|0||Character ROM Set Bit 0||Select one of 4 sets of Character Generator ROMS.|
|1||Character ROM Set Bit 1|
|7||40/80 Column Mode||Enable 80 Column mode when set to 1, 40 Column when set to 0 (default)|
The Character Generator ROM on the Colour Board allows for upto 16 CG-ROM images to be stored and selected. On most of the MZ80 machines, the CG-ROM is 2K in size. On the MZ700/800 it is 4K in size. I havent yet obtained all the possible Sharp CG-ROM images so for the time being, the Character Generator Flash RAM IC U10) is loaded as follows:
|Slot||Attribute Bits 7,3||U9 Latch Bits 0:1||Size||ROM||Description|
|0||0,0||0,0||2K||mz-80acg.rom||MZ80A European CG-ROM|
|1||0,1||0,0||2K||MZ80K_cgrom.rom||MZ80K European CG-ROM|
|2||1,0||0,0||2K||MZ80K2E_Jap_cgrom.rom||MZ80K Japanese CG-ROM|
|3||1,1||0,0||2K||MZFONT.rom||Unknown origin CG-ROM|
|4 & 5||0,0 - 0,1||0,1||4K||MZ700_cgrom.rom||MZ700 European CG-ROM (2 banks)|
|6 & 7||1,0 - 1,1||0,1||4K||MZ700_cgrom_jp.rom||MZ700 Japanese CG-ROM (2 banks)|
|8||0,0||1,0||2K||mz-80acg.rom||MZ80A European CG-ROM|
|9||0,1||1,0||2K||MZ80B.rom||MZ80B European CG-ROM|
|10||1,0||1,0||2K||mz-80acg.rom||MZ80A European CG-ROM|
|11||1,1||1,0||2K||mz-80acg.rom||MZ80A European CG-ROM|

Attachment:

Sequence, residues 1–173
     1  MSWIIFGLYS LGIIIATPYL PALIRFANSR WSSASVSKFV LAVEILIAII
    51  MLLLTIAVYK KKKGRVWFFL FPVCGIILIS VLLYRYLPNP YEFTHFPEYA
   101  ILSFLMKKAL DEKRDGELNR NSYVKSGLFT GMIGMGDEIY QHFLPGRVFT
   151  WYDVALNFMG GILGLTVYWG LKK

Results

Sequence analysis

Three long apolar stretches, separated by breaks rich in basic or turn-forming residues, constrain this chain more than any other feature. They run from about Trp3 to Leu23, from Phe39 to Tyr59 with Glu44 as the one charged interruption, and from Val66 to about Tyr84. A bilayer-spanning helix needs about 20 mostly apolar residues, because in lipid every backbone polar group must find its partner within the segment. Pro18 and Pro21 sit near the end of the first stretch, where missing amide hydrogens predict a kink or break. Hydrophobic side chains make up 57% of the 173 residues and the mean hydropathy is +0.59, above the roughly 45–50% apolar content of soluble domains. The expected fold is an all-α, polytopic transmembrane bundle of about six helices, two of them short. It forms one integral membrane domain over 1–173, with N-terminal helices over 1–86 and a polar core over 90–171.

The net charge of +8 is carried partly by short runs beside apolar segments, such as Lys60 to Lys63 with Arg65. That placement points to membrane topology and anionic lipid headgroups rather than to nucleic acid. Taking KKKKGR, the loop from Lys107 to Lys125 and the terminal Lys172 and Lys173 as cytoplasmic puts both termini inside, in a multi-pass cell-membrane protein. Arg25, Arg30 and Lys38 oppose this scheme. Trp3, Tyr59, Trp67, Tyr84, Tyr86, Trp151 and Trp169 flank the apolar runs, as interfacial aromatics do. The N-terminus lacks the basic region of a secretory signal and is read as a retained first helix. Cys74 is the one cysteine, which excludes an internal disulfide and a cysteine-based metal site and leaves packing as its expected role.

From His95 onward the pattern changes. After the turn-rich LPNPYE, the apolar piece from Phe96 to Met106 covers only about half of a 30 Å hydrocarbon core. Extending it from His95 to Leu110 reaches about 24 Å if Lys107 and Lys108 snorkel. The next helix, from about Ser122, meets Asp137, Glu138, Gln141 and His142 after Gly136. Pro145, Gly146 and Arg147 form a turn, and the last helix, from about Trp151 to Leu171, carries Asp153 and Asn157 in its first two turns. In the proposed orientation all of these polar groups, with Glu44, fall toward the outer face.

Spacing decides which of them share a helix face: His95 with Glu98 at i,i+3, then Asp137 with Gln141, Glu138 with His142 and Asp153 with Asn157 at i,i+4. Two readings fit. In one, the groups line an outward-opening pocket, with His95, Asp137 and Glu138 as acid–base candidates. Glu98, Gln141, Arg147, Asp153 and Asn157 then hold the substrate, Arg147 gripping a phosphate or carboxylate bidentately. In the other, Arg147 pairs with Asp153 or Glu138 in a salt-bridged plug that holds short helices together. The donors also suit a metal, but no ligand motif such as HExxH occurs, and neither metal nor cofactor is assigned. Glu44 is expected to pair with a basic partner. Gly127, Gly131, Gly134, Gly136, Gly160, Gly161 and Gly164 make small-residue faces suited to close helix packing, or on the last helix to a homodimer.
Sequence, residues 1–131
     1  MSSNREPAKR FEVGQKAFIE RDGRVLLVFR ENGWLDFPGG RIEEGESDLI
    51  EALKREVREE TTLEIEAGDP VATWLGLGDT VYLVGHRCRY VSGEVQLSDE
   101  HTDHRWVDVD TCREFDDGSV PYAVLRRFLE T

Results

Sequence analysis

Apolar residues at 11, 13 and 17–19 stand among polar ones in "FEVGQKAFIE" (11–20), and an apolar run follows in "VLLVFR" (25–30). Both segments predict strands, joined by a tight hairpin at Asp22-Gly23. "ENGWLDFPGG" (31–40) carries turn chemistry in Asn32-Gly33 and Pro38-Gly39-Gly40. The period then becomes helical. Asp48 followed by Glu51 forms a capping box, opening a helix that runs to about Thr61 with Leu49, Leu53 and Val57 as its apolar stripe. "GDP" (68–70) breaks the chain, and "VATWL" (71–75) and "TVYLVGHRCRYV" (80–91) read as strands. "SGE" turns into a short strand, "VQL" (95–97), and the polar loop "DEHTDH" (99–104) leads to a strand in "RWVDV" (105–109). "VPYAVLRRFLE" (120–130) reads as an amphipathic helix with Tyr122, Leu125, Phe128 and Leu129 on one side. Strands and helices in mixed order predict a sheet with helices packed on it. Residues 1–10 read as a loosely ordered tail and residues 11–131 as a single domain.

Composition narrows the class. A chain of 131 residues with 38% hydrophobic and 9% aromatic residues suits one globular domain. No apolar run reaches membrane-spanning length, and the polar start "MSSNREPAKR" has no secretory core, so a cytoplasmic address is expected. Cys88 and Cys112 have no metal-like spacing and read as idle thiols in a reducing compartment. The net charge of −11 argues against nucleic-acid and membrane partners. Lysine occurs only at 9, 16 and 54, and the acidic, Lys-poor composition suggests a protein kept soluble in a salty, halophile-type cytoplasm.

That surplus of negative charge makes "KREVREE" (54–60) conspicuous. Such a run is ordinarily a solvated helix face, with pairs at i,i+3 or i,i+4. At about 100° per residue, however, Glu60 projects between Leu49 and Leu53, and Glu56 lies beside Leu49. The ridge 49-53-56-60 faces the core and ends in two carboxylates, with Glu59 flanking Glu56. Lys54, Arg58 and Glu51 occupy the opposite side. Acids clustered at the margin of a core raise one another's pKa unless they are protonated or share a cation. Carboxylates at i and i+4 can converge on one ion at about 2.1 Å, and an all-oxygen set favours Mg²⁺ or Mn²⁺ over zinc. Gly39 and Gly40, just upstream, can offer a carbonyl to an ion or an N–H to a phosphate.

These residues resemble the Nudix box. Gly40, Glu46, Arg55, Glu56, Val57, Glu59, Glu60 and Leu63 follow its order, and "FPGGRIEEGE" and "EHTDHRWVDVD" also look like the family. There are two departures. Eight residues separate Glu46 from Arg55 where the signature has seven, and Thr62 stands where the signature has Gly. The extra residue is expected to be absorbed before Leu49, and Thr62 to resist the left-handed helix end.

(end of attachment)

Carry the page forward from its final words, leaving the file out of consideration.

|12||0,0||1,1||2K||mz-80acg.rom||MZ80A European CG-ROM|
|13||0,1||1,1||2K||mz-80acg.rom||MZ80A European CG-ROM|
|14||1,0||1,1||2K||mz-80acg.rom||MZ80A European CG-ROM|
|15||1,1||1,1||2K||mz-80acg.rom||MZ80A European CG-ROM|
This image is created by the shell script in the repository, [ABS PATH]/software/tools/make_cgrom.sh and can be executed as follows:
cd [ABS PATH]/software ./tools/make_cgrom.sh
The output image, ie. ../../MZ80A_80COLOUR/software/roms/COLOURBOARD_CG.rom, can be directly flashed into a 28C256 Flash RAM and mounted on the Colour Board.
In order to set a colour on the colour output, an attribute byte is written into the attribute RAM for each character written to the Character RAM. The bits of the attribute RAM have the following function:
|3||Character ROM Bit 0|
|7||Character ROM Bit 1|